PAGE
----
We wish to present an example of porting an enterprise level c++ project with a cmake build system to an Eclipse project. By "enterprise level", we mean hundreds or thousands of files with directory tree depth greater than four; unit testing; in-house, 3rd party and system libraries; version control; multiple build and deploy configurations.
The specifics used here will be mercurial for source control, cppunit for unit testing. If possible, we will add gmock mock framework. The cmake project is currently configured for an in-source build. This is generally frowned upon, but is currently more supported by eclipse. An added bonus would be redesigning the cmake project and eclipse import to allow for either in-source and out of source build.
This example will be presented by following the tutorials available on-line, discovering the issues related to each, developing workarounds and concluding with recommendations for improvements for improved c++/cmake project support in Eclipse. The code base builds on macs with the clang toolchain and on linux with gcc. As time permits, I will try to expand on these specifics using virtual machines to test the process and configurations more generally. If you wish to expand any of the sections for other platforms/tools just request permission to contribute to this site (contact me link).
Get the llvm-clang toolchain
Following stackoverflow : (If you’re on Xcode 4.3+) start Xcode, go to Preferences, then to the Downloads section, then the Components tab. Choose to install the Command Line Tools.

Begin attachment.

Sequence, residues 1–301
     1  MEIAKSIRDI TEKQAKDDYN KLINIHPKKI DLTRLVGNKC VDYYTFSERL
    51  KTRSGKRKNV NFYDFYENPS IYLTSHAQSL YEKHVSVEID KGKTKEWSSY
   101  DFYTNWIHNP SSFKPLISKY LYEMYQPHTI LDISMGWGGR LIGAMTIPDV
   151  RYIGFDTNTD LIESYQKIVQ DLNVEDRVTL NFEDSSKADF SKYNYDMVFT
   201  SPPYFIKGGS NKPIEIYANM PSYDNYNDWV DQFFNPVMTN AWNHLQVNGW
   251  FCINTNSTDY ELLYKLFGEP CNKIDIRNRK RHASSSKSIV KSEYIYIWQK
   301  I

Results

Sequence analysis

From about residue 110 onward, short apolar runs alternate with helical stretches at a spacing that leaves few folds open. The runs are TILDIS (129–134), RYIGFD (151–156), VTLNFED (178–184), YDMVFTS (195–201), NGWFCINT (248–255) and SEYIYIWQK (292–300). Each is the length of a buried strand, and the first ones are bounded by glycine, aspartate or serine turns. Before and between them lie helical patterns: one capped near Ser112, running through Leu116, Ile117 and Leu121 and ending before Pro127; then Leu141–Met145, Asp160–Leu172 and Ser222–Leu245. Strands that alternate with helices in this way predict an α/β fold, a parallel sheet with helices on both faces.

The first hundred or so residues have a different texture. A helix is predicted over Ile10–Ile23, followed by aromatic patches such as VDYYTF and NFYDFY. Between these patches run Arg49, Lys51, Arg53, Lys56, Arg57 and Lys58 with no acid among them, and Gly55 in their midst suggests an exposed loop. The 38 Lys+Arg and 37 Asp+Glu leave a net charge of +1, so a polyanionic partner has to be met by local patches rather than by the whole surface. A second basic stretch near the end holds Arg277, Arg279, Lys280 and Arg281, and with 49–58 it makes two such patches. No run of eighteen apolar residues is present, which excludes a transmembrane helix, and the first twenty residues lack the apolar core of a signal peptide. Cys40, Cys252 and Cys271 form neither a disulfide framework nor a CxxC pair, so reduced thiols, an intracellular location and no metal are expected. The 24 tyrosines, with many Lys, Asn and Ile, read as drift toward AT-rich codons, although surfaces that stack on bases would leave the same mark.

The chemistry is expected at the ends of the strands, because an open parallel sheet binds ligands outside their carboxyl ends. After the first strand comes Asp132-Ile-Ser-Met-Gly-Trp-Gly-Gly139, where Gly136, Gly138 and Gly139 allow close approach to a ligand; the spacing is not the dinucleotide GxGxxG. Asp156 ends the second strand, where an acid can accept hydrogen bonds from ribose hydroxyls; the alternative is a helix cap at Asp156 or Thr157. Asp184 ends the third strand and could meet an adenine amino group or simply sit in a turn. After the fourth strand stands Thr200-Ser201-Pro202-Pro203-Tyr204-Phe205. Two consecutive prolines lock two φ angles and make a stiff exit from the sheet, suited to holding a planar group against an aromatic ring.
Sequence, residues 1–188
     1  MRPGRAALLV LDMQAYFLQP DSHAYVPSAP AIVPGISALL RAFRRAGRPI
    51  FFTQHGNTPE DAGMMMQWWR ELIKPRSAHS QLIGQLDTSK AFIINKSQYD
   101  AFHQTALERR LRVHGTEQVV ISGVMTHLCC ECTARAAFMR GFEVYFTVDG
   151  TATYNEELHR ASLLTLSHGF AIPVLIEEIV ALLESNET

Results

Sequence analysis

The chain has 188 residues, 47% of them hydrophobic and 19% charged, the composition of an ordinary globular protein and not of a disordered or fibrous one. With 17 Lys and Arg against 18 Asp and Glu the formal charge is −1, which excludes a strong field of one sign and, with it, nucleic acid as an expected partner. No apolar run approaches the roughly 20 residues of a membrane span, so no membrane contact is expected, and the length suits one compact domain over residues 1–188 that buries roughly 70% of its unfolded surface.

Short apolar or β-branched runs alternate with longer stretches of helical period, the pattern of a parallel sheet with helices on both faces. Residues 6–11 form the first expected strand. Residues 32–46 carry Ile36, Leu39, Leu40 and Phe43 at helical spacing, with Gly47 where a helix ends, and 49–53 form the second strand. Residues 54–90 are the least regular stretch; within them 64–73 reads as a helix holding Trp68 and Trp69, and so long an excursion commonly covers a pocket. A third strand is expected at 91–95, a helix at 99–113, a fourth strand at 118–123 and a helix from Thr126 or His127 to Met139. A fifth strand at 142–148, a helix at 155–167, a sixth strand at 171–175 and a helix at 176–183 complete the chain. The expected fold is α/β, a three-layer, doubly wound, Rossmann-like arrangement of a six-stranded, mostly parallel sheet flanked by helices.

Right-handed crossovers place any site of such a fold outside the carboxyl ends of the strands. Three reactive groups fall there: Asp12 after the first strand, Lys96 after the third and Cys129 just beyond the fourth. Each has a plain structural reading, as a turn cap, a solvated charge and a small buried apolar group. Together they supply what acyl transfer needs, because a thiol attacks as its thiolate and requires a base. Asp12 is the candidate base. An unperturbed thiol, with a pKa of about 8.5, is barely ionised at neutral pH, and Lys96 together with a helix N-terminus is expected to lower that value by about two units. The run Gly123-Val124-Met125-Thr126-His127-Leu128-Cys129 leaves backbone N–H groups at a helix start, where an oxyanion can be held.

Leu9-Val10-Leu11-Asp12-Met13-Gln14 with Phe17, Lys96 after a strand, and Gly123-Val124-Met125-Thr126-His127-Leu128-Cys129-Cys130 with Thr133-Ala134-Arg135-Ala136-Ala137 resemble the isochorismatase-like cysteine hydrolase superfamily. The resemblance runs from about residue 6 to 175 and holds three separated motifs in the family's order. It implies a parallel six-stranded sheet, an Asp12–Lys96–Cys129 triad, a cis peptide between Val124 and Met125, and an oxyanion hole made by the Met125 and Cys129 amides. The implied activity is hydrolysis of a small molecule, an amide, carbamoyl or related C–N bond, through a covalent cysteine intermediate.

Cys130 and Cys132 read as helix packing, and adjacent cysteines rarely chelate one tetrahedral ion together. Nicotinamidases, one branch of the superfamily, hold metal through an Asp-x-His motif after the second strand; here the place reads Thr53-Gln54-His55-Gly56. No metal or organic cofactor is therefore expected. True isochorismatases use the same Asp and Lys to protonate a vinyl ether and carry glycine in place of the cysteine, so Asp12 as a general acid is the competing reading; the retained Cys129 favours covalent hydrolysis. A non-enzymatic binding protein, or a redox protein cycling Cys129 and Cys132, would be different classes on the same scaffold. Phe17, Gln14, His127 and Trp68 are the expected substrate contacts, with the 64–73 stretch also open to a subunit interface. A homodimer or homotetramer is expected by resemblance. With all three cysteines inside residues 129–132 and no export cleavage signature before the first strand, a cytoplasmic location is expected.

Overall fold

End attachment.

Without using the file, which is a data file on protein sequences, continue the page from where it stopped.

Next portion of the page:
The website for cmake doesn't have any front door access to documentation. It took a while to find some decent documentation for cmake 2.6. It looks like, if you download the source and build it yourself with cmake --help-html you can generate your own for more current version.
Although cppunit is very prevelant, it is no longer under active development and seems to be waning in support with eclipse in favor of GoogleTest and Boost frameworks. If you are starting a new project, you may want to consider one of them. I am using cppunit because our project is already heavily integrated with it. This tutorial may be helpful to get started.
MacBook Pro, Mountain Lion, cmake 220.127.116.11, Eclipse Juno
Let's get started!
The kitware website lists three ways to import a C++/cmake project. Option 3 uses CMakeBuilder plugin. I found few resources and it seems to be abandonware. If there isn't a forum or email list with active participation, I usually avoid that tool.
Option 1 sounds the simplest. If you are other than gcc or intel compiler, you will definitely want cmake 2.8.1 or greater as prior to that major functionality of the plugin had a guard for that and failed silently if not.
Option 2 has the most votes (greater than 0!) on stack-overflow for a production system.
We will begin with Option 1.
I add the following to my ~/.bash_profile .
alias repoeclipsecmake='cmake -D CMAKE_ECLIPSE_VERSION=4.2 -G"Eclipse CDT4 - Unix Makefiles" -D CMAKE_BUILD_TYPE=Debug -D MACOSX=1 -D CMAKE_C_COMPILER=/usr/bin/cc -D CMAKE_CXX_COMPILER=/usr/bin/c++ -D CMAKE_Fortran_COMPILER=/usr/local/bin/gfortran -j8 .'
The CMAKE_CXX_COMPILER points to /usr/bin/c++ which is the clang compiler
The CMAKE_ECLIPSE_VERSION options doesn't seem to do anything (looking at the source)
-j8 is for 8 core parallel compiling which is much faster. Adjust to the number of cores on your box.
-G"Eclipse CDT4 - Unix Makefiles" is the flag to generate the .project and .cproject files used by eclipse.
$ source ~/.bash_profile
repository $ repoeclipsecmake
-- runs cmake with the options above
See the slideshow of troubleshooting attempts to get files included correctly.
Option 2: This is very similar to the official instructions